Simplification: A Critical Game Changer in the Future of Business

by David Fowler, Senior Marketing Director, SAP Services

Nowadays, constant change is the norm. Companies must be agile and quick enough to respond to shifting economics, customer demands, technology, and even resource availability. As processes and technologies are refined and introduced to address these changes, complexity emerges. And as complexity increases, so does the risk of losing agility, adaptability, scalability, and cost-effectiveness – but more important, everyone loses the freedom to innovate when it’s needed.

I had the pleasure of participating in a panel discussion with two brilliant experts on this topic – Susanne Passante, vice president of Business Integration Services for Day & Zimmerman, and Matt Healey, principal analyst for Technology Business Research (TBR). In “Future of Business: Changing the Game Through Simplification” from Coffee Break with Game-Changers, a special edition series of SAP Radio, we shared our insights on why companies need simplification.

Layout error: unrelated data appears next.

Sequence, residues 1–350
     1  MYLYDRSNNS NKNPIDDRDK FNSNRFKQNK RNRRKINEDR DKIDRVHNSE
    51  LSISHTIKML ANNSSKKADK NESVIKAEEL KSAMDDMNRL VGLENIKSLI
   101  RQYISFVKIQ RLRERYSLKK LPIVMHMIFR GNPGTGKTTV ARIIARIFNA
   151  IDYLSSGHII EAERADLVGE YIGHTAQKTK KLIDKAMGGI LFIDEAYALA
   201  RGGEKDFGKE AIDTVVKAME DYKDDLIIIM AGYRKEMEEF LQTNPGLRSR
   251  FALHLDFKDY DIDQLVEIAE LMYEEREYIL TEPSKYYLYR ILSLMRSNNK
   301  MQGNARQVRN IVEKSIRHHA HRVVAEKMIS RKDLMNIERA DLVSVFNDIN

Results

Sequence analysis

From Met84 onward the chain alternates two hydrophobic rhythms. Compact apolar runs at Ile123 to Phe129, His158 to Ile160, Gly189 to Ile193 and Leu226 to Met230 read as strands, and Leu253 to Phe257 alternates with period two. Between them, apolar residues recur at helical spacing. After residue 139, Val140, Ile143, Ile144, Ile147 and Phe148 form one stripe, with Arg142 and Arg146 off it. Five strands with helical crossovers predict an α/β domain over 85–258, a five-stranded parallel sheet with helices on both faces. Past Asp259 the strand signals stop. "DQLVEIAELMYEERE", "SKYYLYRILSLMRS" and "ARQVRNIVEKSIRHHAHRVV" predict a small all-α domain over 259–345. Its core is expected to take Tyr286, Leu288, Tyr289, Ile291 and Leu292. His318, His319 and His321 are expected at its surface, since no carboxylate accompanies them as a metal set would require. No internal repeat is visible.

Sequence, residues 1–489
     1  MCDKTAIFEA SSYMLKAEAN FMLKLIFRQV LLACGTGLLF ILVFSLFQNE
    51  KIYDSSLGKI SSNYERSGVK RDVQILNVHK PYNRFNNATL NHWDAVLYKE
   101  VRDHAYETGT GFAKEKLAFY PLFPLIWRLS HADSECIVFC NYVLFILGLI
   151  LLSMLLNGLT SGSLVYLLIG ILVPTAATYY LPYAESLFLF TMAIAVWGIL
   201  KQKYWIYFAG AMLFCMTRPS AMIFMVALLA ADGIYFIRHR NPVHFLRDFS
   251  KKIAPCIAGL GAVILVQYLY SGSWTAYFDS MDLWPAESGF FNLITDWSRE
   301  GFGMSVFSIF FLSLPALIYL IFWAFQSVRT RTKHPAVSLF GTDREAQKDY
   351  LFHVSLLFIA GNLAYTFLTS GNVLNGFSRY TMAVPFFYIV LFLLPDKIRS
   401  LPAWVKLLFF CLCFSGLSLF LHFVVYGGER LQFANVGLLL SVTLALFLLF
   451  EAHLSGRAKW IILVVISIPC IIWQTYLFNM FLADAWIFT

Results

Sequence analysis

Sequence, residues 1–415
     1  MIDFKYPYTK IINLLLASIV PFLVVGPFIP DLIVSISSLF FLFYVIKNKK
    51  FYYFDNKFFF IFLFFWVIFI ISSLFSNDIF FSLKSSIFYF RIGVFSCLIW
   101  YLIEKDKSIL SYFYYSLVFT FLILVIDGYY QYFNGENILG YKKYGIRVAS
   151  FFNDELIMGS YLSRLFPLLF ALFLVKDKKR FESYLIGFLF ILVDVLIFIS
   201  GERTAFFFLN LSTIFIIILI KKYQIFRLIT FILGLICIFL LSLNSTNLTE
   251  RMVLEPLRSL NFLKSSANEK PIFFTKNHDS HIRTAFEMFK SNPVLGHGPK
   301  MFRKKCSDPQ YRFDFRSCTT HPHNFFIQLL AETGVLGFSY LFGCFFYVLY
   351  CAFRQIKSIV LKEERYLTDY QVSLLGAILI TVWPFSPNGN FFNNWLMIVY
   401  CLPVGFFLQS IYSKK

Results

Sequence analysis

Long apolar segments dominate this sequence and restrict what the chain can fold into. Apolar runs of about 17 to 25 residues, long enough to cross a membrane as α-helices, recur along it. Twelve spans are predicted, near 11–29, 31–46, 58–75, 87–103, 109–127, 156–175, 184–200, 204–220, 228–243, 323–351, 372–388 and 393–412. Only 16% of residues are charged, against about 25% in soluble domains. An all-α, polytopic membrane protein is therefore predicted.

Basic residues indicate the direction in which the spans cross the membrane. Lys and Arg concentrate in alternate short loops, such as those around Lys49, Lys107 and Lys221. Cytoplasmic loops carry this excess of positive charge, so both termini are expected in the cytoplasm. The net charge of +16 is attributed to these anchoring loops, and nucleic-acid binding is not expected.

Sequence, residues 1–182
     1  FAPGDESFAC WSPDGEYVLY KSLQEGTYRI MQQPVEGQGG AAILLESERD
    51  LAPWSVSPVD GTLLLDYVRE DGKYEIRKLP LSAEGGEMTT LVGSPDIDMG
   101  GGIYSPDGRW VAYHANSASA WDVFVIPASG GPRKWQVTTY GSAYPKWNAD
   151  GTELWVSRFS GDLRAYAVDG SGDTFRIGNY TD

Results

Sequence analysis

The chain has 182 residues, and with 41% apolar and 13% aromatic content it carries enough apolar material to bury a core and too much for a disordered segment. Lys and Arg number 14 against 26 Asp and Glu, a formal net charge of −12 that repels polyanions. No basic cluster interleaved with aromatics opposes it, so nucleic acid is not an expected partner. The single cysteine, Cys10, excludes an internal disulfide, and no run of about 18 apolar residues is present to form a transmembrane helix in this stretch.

Everything should be made as simple as possible, but not simpler

Susanne Passante kicked off the discussion by noting her excitement about the idea of simplification: “I am enthralled by this topic because it’s a philosophical debate that’s fascinating in my point of view. We call it simplification, but many times we’re just rearranging deck chairs or removing layers. And I am not sure if resources are hitting the mark in most cases.”